When it comes to kids and art, there is one rule I live by at home and in the Developmental Playgroups I lead: it’s about the process, not the product.
This means that the value in encouraging art exploration activities for your children doesn’t lie in the final result. The real value lies in what they experience and learn through the course of creating something. The fine motor skills involved in peeling stickers from their backings, the spatial planning, and executive functioning skills required to lay out pieces of a collage and the sensory experiences of hands in play-dough and finger paint are all important to develop. For older children, it is a rare opportunity for them to take a journey without a specific goal in mind, where there are no right or wrong answers and their imagination can go wild – as long as we step back and allow that to happen.
As a non-artist parent, I find this approach very freeing. I have to engineer and steer so much of my children’s lives, it feels good to just set something out as a gentle prompt or suggestion and let go of the outcome while I clear out some supplies from my craft
hoard closet. (Does anyone else have this issue? Constantly accumulating interesting art materials like stickers and papers and paints, but never quite finding the time to use them? This post is for you!) As a bonus, these three activities can be adapted for kids ranging in ages 18 months to 10 years old. Keep them filed away for when you need a mood reset or a boredom buster!
It’s My Kid In A Box
- As many cardboard boxes as you have children, preferably with some plain-ish surfaces and large enough for your child to maybe sit inside
- Your random bag of stickers
- Ink stamps and pads
- The broken and misfit crayon bag
- Glue sticks and construction paper, if you want to take it to the next level
Tell your child that this box is all theirs to decorate as they wish! For younger toddlers, some modeling of using the crayons and ink stamps might be needed to get them rolling or getting the peeling started on stickers. (Tip: peel the background off sticker sheets to leave only the stickers remaining: this makes them much easier for little fingers!) Allow them to sit inside and decorate from that perspective. Older toddlers and preschoolers may benefit from some gentle prompting questions: “Do you want to make it your rocket ship/doghouse/car/garden/train/turtle shell?” Elementary aged children might like the idea of decorating their “car” to sit in at a “drive-in movie” later on that day.
- Any paintbrushes you have, no matter how frayed and frazzled
- A container of water
- A receptive surface: construction paper, a chalkboard, a driveway, a wooden fence, the shingled side of a house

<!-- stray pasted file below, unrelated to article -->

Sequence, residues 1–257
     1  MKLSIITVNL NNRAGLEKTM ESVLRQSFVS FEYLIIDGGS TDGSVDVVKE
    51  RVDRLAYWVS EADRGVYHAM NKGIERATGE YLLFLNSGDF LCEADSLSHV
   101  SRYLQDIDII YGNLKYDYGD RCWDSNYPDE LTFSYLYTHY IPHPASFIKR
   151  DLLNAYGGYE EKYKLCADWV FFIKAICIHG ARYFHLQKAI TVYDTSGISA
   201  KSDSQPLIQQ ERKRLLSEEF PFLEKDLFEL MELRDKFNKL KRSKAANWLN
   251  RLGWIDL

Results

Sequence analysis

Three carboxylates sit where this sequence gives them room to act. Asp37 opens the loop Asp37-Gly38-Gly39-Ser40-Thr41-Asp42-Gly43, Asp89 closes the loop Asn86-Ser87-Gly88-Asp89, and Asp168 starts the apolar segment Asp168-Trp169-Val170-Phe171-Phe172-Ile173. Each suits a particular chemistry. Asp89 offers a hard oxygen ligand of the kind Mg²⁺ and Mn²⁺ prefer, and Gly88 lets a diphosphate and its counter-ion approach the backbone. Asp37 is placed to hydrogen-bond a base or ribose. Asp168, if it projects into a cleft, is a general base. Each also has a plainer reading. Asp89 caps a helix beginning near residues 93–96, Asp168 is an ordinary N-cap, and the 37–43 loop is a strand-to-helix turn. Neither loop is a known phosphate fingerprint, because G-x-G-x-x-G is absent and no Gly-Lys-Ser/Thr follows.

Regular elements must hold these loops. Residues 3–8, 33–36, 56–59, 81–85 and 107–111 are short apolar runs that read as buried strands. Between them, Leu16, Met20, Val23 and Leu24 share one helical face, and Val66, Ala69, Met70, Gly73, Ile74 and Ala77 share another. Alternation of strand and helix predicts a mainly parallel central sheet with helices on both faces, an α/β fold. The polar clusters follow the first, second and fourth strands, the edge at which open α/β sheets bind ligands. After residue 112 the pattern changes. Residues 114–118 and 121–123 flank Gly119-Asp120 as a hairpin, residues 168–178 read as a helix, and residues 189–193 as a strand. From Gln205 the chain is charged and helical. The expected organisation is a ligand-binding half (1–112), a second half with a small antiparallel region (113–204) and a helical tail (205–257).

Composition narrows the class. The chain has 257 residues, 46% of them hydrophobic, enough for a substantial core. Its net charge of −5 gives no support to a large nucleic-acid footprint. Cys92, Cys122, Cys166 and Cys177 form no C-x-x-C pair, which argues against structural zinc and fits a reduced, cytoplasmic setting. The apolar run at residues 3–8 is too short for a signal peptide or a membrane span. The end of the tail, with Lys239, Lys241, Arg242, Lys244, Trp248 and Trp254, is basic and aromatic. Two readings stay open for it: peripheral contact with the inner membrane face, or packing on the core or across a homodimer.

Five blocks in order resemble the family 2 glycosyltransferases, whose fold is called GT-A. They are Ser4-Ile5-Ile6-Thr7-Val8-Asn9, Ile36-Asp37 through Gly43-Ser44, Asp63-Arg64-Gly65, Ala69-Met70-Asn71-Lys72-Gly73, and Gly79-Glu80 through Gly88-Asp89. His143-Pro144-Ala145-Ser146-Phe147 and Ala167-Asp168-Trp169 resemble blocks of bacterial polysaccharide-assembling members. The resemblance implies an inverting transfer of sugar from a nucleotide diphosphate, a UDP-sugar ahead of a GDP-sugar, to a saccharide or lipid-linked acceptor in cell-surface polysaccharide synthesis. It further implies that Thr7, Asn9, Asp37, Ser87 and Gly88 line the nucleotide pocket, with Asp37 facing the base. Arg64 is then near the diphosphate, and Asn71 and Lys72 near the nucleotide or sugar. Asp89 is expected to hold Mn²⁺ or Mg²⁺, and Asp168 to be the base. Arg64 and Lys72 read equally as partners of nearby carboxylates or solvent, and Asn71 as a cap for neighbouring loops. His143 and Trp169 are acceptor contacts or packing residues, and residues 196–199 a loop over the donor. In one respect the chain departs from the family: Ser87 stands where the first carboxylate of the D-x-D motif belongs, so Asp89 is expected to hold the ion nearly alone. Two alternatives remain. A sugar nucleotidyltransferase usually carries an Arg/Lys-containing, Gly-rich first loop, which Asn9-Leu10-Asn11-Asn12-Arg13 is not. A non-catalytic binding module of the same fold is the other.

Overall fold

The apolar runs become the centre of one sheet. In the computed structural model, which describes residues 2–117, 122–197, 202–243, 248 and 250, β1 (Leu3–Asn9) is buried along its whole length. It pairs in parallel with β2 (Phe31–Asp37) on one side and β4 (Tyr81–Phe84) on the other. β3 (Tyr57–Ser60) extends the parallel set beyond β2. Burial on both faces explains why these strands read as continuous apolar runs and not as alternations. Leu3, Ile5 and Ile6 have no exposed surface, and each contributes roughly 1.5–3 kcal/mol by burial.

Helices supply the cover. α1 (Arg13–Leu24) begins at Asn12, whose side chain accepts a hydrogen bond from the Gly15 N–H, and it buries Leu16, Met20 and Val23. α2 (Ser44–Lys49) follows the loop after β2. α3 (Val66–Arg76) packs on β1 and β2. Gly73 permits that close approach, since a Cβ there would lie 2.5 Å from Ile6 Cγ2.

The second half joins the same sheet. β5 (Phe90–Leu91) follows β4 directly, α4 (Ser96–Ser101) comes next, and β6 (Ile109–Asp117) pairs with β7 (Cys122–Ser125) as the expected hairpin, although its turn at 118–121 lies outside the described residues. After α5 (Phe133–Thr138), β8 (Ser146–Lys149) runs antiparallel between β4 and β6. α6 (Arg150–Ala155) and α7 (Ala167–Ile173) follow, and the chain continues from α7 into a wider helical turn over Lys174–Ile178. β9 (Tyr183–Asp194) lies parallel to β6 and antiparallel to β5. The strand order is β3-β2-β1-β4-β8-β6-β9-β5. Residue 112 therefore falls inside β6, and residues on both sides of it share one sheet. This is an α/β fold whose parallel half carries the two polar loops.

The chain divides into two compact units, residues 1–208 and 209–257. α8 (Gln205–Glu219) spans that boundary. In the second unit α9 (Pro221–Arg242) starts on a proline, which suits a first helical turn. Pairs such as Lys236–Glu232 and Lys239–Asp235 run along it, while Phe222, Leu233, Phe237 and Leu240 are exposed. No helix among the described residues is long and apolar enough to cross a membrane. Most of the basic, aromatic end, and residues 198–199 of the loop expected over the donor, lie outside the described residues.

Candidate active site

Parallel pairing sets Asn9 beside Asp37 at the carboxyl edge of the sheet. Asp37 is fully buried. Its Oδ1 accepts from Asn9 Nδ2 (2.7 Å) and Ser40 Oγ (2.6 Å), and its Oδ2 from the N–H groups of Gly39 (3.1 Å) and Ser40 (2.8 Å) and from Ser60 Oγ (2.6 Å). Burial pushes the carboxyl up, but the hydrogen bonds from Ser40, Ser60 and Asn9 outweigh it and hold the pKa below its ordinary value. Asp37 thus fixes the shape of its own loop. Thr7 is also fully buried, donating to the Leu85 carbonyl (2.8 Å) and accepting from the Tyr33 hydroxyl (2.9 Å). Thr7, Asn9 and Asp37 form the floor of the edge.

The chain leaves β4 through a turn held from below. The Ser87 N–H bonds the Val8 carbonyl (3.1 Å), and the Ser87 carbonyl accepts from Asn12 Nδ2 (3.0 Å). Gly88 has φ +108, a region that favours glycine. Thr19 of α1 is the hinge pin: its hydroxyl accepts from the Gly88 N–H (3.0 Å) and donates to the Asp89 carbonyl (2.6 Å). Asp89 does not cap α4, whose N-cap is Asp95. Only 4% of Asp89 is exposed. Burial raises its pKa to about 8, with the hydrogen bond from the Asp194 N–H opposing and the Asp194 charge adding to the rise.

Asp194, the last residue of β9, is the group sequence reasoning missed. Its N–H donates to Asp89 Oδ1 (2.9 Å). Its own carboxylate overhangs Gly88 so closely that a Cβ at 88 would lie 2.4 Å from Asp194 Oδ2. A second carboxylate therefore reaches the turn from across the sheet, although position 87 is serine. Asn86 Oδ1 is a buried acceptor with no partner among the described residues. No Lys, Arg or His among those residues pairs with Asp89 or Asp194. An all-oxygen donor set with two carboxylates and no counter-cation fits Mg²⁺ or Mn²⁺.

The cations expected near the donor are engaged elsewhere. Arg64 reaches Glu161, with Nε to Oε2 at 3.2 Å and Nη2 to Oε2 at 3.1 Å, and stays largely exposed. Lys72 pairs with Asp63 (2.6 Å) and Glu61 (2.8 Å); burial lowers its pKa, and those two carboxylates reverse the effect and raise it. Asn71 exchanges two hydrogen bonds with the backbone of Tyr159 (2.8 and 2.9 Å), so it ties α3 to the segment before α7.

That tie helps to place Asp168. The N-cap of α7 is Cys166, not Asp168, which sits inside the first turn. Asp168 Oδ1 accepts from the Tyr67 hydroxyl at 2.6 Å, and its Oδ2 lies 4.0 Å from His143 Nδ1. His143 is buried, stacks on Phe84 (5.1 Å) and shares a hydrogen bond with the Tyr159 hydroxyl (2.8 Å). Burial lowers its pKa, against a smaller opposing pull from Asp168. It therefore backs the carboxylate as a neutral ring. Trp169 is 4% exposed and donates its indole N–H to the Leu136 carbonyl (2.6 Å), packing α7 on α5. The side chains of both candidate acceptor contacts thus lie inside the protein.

Model for your child how a brush dipped in water will leave a mark on the surface at hand. Younger toddlers like the act of dipping the brush in the water container, older toddlers and children enjoy covering a whole surface methodically, or experimenting with different brushes and surfaces – this is a great outdoor activity! (Level up: craft foam shapes dipped in water and wet strips of construction and tissue paper will stick to a glass surface temporarily. If you are OK with some water mess inside or have a safe spot to stand outside, this can be a great activity on a glass slider or storm door.) Make sure to grab photos of their creations before they disappear!
Hey, Let’s Use Up This Random Paint – Nature Edition
- All of that leftover paint in the little conjoined pots that you got with some other activity, or whatever finger/poster/tempura/acrylic paints are looking kind of sad and old
- Some larger surfaces that will withstand wet paint
- Cardboard to use as palettes (upcycle their decorated boxes!)
- Collected bits of nature
Go out into your yard or closest green space and collect interesting looking leaves, pine cones, flowers, shells, stones, or bits of wood that catch your little one’s eye. Spread paint on the sections of cardboard, and model pressing one of the collected pieces of nature into the paint and then on to the surface. For younger toddlers, this is more of a hands-on activity as they get the hang of it. Older children will like mixing paint colors on their palettes to achieve different effects, making patterns, and experimenting with different amounts of paint and pressure. (Bonus: use the end product to cut up into greeting cards or gift tags, the grandparents or your child’s friends will love it!) This is a great outdoor activity or a dry bathtub activity on a rainy day.
We would love to hear your favorite art activities to do at home!